Your browser doesn't support javascript.
Show: 20 | 50 | 100
Results 1 - 6 de 6
Filter
1.
mBio ; : e0375121, 2022 Feb 08.
Article in English | MEDLINE | ID: covidwho-1741580

ABSTRACT

The widespread coronavirus disease 2019 (COVID-19) is caused by infection with the novel coronavirus SARS-CoV-2. Currently, we have limited understanding of which cells become infected with SARS-CoV-2 in human tissues and where viral RNA localizes on the subcellular level. Here, we present a platform for preparing autopsy tissue for visualizing SARS-CoV-2 RNA using RNA fluorescence in situ hybridization (FISH) with amplification by hybridization chain reaction. We developed probe sets that target different regions of SARS-CoV-2 (including ORF1a and N), as well as probe sets that specifically target SARS-CoV-2 subgenomic mRNAs. We validated these probe sets in cell culture and tissues (lung, lymph node, and placenta) from infected patients. Using this technology, we observe distinct subcellular localization patterns of the ORF1a and N regions. In human lung tissue, we performed multiplexed RNA FISH HCR for SARS-CoV-2 and cell-type-specific marker genes. We found viral RNA in cells containing the alveolar type 2 (AT2) cell marker gene (SFTPC) and the alveolar macrophage marker gene (MARCO) but did not identify viral RNA in cells containing the alveolar type 1 (AT1) cell marker gene (AGER). Moreover, we observed distinct subcellular localization patterns of viral RNA in AT2 cells and alveolar macrophages. In sum, we demonstrate the use of RNA FISH HCR for visualizing different RNA species from SARS-CoV-2 in cell lines and FFPE (formalin fixation and paraffin embedding) autopsy specimens. We anticipate that this platform could be broadly useful for studying SARS-CoV-2 pathology in tissues, as well as extended for other applications, including investigating the viral life cycle, viral diagnostics, and drug screening. IMPORTANCE Here, we developed an in situ RNA detection assay for RNA generated by the SARS-CoV-2 virus. We found viral RNA in lung, lymph node, and placenta samples from pathology specimens from COVID patients. Using high-magnification microscopy, we can visualize the subcellular distribution of these RNA in single cells.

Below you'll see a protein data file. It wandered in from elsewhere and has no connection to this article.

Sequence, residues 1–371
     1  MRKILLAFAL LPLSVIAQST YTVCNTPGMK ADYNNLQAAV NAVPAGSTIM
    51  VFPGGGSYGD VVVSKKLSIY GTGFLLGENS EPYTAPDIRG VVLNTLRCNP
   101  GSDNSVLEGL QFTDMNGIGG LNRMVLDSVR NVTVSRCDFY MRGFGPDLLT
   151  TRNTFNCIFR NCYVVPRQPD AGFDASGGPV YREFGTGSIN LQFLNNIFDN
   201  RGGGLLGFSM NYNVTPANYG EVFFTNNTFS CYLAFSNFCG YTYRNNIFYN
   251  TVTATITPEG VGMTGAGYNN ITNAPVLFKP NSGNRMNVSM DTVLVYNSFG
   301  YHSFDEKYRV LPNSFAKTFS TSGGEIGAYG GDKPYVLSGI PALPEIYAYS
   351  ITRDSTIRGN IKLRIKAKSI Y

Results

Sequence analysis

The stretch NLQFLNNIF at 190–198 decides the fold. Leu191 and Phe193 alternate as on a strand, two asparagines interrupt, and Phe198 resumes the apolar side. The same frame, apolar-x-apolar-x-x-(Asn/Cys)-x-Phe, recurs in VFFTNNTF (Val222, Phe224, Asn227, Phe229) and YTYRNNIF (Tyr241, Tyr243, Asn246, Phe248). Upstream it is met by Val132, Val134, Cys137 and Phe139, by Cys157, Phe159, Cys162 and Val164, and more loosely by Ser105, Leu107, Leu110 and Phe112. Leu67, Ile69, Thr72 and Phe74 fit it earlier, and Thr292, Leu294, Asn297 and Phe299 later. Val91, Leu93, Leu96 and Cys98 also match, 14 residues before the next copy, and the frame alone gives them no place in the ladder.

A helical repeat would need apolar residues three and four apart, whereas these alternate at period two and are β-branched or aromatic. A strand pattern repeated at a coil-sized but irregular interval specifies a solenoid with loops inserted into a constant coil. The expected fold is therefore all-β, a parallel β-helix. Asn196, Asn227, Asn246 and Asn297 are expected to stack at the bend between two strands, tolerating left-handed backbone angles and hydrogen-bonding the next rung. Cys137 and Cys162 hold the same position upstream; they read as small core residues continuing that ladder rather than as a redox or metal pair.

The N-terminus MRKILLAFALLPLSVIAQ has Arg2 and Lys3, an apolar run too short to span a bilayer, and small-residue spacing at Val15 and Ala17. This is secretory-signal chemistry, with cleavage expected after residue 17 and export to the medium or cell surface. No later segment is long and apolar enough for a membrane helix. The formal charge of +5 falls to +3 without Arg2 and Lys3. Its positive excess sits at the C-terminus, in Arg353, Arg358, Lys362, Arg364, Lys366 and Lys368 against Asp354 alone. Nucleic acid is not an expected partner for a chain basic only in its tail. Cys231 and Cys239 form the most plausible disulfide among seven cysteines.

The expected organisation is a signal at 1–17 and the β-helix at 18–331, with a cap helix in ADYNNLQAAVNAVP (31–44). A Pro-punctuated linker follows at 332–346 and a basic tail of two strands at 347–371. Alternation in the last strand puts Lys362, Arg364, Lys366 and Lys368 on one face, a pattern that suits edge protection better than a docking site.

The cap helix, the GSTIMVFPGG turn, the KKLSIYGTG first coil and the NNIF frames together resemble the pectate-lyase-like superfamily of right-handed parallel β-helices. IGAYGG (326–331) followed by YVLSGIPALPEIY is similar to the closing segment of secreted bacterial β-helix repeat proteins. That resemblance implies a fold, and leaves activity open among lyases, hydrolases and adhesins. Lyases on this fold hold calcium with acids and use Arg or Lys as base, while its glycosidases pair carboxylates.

2.
Respir Res ; 23(1): 25, 2022 Feb 10.
Article in English | MEDLINE | ID: covidwho-1677511

ABSTRACT